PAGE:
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The building codes set certain standards for insulation to affect the way sound carries through walls and floor-ceiling assemblies. It’s helpful for contractors to not only understand the sound transmission code requirements for floor-ceiling assemblies but also the methods available to demonstrate compliance in these provisions.

Building codes stipulate minimum performance requirements for noise transmission through certain interior walls, partitions and floor-ceiling assemblies. The International Building Code, the model code uniformly enforced in the United States, requires floor assemblies separating dwellings from each other or from public areas to meet minimum acoustical requirements for two parameters: Sound Transmission Class (STC) and Impact Insulation Class (IIC):

  • STC is a measure of the attenuation of sound waves initiated as an air-borne sound as they pass through a wall or floor-ceiling assembly. The classification indicates the assembly’s ability to reduce unwanted noise transmission from air-borne sounds, such as amplified sound systems, human voices, animal noises or musical instruments.
  • IIC is a measure of an assembly’s ability to insulate against structure-borne sound waves generated when an object induces sound waves directly into the assembly, such as when an object strikes the opposite surface of the assembly. Examples of this include sounds created by footfall (stomping, heavy walking, etc.) or an object hitting the floor.

Compliance with these minimum requirements may be demonstrated either through expensive physical testing (costing several thousand dollars for each assembly configuration and potentially delaying projects) or through engineering analysis. The American Wood Council's (AWC) new report on sound transmission helps in the estimation of these sound transmission parameters, thereby facilitating the code-allowed engineering analysis alternative to time-consuming and expensive physical testing.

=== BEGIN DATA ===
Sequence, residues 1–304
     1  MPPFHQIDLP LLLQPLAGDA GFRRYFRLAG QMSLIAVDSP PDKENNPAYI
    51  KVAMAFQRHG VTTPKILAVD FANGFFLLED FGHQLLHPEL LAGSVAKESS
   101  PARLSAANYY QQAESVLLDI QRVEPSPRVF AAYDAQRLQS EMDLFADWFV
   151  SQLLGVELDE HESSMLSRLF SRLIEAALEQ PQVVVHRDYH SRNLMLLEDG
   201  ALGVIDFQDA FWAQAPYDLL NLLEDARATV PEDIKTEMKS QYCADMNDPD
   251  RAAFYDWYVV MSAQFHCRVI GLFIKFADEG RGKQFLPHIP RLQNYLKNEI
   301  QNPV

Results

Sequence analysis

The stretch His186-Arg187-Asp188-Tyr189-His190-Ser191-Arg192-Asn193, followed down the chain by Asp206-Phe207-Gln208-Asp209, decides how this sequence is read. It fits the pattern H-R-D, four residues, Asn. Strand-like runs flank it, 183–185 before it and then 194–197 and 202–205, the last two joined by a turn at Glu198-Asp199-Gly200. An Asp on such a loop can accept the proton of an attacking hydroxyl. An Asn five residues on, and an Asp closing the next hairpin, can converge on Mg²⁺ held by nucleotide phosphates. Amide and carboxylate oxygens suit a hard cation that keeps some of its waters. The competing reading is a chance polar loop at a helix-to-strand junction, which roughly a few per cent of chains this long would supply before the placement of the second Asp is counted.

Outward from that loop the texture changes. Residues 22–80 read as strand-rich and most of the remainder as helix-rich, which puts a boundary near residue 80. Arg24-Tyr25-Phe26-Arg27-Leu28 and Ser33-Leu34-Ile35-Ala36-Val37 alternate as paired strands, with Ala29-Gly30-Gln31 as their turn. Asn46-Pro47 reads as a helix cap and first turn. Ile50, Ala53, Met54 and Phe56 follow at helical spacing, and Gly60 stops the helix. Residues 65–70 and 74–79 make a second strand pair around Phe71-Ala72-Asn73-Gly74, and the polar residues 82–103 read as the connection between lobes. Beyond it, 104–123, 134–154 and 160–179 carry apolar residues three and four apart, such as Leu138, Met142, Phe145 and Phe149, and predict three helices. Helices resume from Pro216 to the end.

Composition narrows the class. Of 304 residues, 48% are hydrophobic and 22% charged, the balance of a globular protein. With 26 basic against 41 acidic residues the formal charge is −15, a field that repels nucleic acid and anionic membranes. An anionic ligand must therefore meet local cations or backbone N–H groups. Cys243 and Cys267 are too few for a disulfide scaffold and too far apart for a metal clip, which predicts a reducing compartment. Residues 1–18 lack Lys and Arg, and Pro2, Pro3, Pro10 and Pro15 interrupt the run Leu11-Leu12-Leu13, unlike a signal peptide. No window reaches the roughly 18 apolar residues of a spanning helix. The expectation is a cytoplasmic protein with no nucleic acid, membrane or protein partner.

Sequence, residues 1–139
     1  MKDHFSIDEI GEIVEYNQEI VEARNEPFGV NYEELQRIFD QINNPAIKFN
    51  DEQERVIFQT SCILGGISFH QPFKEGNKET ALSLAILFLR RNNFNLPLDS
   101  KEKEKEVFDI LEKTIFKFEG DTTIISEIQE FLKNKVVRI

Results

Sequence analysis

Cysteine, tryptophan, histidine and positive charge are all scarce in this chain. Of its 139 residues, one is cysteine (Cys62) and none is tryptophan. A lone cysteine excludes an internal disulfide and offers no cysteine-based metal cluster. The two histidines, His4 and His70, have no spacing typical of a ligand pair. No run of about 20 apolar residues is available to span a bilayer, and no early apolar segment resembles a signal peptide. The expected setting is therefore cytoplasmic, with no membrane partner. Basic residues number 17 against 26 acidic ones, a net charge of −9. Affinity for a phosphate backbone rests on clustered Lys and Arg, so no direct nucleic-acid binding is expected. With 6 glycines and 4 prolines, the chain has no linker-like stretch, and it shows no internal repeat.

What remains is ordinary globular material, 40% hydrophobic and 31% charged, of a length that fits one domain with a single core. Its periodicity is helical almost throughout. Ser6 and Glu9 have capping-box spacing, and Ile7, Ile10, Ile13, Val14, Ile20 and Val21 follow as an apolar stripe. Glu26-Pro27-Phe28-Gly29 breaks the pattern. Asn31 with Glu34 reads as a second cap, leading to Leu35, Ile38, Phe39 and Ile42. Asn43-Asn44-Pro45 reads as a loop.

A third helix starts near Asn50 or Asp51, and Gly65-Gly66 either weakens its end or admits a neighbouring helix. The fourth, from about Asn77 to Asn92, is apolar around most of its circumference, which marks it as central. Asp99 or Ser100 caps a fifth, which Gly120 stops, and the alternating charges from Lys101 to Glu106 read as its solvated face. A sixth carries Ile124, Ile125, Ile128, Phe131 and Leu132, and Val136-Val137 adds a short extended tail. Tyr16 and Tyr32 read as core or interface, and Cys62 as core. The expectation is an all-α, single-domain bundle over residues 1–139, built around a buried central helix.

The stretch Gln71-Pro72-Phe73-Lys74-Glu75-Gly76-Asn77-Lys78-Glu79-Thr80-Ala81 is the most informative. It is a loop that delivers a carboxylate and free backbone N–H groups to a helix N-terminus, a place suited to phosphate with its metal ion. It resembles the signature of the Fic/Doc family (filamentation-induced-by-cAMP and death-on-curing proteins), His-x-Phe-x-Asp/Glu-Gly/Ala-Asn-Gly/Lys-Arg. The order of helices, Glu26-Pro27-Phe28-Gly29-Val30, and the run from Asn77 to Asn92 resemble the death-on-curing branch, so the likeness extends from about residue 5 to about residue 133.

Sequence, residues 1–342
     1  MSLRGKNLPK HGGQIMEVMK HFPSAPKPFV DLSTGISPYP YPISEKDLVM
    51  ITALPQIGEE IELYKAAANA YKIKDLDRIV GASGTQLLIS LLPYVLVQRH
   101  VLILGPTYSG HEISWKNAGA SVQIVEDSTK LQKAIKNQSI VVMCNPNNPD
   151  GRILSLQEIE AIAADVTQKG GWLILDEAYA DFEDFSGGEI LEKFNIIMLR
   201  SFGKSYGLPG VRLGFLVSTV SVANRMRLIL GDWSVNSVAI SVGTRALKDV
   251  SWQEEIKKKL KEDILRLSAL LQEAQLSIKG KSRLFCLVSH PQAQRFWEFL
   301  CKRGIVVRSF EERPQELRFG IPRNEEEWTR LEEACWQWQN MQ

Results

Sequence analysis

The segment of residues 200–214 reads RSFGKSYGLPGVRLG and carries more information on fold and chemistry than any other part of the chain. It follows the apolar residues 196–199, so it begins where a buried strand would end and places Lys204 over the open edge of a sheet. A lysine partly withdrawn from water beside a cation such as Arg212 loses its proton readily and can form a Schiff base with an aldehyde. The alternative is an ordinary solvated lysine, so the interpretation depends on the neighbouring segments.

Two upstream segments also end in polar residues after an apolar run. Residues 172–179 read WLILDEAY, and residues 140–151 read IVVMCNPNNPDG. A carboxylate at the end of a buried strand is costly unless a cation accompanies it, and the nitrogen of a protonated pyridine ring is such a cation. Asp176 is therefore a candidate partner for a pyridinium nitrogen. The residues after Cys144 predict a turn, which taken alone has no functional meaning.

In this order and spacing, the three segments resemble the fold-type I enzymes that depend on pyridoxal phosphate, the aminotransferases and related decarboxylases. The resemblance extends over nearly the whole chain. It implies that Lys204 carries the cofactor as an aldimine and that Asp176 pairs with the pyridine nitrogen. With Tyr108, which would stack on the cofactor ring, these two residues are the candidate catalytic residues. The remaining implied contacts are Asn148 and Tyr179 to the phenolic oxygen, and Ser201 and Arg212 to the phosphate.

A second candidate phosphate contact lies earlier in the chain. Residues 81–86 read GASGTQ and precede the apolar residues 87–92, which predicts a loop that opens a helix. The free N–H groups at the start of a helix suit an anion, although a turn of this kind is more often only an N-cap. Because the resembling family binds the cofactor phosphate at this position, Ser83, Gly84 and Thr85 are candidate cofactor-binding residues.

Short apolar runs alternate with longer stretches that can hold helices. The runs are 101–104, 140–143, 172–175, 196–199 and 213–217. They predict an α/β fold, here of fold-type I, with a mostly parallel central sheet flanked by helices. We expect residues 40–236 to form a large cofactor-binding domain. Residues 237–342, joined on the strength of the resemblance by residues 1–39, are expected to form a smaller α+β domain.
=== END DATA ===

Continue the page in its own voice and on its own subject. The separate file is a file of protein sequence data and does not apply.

The “Technical Report 15 (TR15), Calculation of Sound Transmission Parameters for Wood-Framed Assemblies” summarizes how code provisions apply to floor-ceiling assemblies and demonstrates how wood-framed floor-ceiling assemblies can comply with a calculation-based analysis approach.

Since research and testing has shown inter-laboratory differences, often limiting the ability to predict better acoustic performance measurements, AWC used data from a single laboratory source: the National Research Council of Canada (NRC). To fill gaps for data on assembly configurations where the available data was either sparse or non-representative, AWC performed additional ASTM E90 and E492 tests at NRC on 31 assemblies which were not previously addressed by NRC data. AWC compiled the data and test results to provide an empirical sound transmission model as a tool that can be used to demonstrate compliance with code regulations, thereby eliminating the need to test every single assembly variation.

Comparing the test results with model estimates, STC and IIC estimates were remarkably accurate. While all model-estimated values were within three decibels of the measured values, 83 percent of estimations were within one decibel for both STC and IIC, with a slight tendency to underestimate for assemblies having multiple component variations.

Moving forward, AWC hopes that future work will build on this initial report to include focused testing on improved performance design options, and expansion of the model to include floor-ceiling assemblies constructed with cross-laminated timber (CLT), as well as wall assemblies constructed with sawn lumber and CLT.

Along with release of the new model, a free eCourse is available online that provides an understanding of the calculation-based analysis approach. The new AWC course is accredited by the International Code Council for continuing education credit and is available here.

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